Five Considerations Preceding Regulatory and Commercialization

Like most new concepts, technology starts at the beginning of a product development process. Hungry and talented technologists often cannot cover all the product development bases when it comes to getting their new concepts to market. At AgriThority®, we use a disciplined, proven Prescriptive Response™ development process to help fill gaps for innovators and research-driven companies.  

As we lay out the activities specifically related to global registration and commercialization, consider five critical elements:  

        1. Consider the components of your product and their supply chain
          Your dossier will include information on the components of your product. Did you fully consider the cost models and the long-term viability of your supply chain? You want to be as flexible and cost-effective as possible. To go back and amend your dossier to add additional raw material sources can add many years to your commercial launch. 
        2. Consider your manufacturing process
          Government agencies are like you: They do not want to make judgements on a moving target. Part of your dossier will include information on how your product is made, and the regulatory agencies will hold you to your manufacturing process even if it results in a process too long to conduct or too expensive to run.  
        3. Consider your logistics
          Cost modeling, timeliness of modes of transportation and fighting with others for your tolling manufacturer’s resources, plus tariffs–all these elements feed into the decisions on where you manufacture, repackage and distribute your product. What the regulatory agencies see are all the places you intend to conduct commercial activity. Many times, those involved need to be registered players as well. Again, you want to be as flexible, timely and cost-effective as possible.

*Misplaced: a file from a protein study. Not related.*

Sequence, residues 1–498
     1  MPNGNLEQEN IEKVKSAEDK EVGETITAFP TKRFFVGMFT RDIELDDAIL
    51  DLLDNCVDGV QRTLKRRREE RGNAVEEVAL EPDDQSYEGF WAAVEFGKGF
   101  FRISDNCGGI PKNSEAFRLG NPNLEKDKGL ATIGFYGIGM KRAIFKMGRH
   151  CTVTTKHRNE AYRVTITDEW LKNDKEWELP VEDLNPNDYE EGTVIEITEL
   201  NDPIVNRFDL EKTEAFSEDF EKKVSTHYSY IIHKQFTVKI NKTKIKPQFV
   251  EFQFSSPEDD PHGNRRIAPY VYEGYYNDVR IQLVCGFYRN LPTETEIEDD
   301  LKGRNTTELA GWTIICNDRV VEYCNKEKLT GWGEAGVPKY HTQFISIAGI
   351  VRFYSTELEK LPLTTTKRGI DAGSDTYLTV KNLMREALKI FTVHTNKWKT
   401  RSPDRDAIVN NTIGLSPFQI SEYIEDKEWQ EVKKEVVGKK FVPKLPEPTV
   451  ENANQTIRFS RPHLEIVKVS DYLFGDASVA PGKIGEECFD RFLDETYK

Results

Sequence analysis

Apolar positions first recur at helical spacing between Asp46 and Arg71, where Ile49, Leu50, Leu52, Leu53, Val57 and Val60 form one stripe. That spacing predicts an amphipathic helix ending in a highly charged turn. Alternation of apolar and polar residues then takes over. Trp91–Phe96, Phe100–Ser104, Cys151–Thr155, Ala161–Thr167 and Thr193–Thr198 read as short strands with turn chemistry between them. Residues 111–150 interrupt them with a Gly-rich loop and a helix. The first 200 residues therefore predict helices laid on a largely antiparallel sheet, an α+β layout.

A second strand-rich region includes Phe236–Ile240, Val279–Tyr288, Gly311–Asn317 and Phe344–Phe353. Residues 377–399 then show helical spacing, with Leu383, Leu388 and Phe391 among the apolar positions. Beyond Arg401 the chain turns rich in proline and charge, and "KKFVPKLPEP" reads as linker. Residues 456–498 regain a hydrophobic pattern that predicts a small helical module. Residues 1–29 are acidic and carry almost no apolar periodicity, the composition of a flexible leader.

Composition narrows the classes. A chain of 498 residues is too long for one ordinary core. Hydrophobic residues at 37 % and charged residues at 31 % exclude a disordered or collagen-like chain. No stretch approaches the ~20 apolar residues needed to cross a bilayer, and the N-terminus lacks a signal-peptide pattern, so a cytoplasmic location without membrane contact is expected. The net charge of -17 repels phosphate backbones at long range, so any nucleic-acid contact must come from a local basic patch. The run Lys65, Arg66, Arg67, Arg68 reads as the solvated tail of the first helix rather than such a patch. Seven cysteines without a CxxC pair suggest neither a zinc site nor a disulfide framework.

4. Consider how well your product will hold up in storage and transport
          For example, if you made a product that met specifications in Europe, and now you want to bring that product to the U.S., questions arise:  Will it survive the ride on the boat, the winter in the distributor’s warehouse in North Dakota and the summer in the applicator’s shed? The “snake oil” salesmen over the years have driven authorities into enforcing whether the jug of product is what your label says it is. This can become a difficult proposition, particularly with the new bio-based technologies that are driving innovations today.  
        5. Consider safety to workers and the environment
          You have a competitive edge if you not only reduce rates of the conventional chemistry technologies that are applied onto crops, but also lower risks and hazards due to worker exposure and environmental release. Today, there is increased scrutiny about soil health, risk to endangered species and food residue exposure. The more the safety factors can be characterized in your product, the more favorably your technologies can be seen.  

For more information on ensuring a seamless regulatory process, refer to the 10 Regulatory Planning Steps to Avoid Disappointment.

When your agricultural technology is moving from Research into Development or into new markets, AgriThority has the technical expertise to supplement or expand your internal capabilities for business, market or product development.  

With internationally recognized leaders connected to more than 300 local specialists in a worldwide network, we bring deep experience testing more than 170 new technologies across 1500+ field trial locations for 180+ multi-national, mid-size and start-up companies.  

Wherever you want to explore, we are your native guides.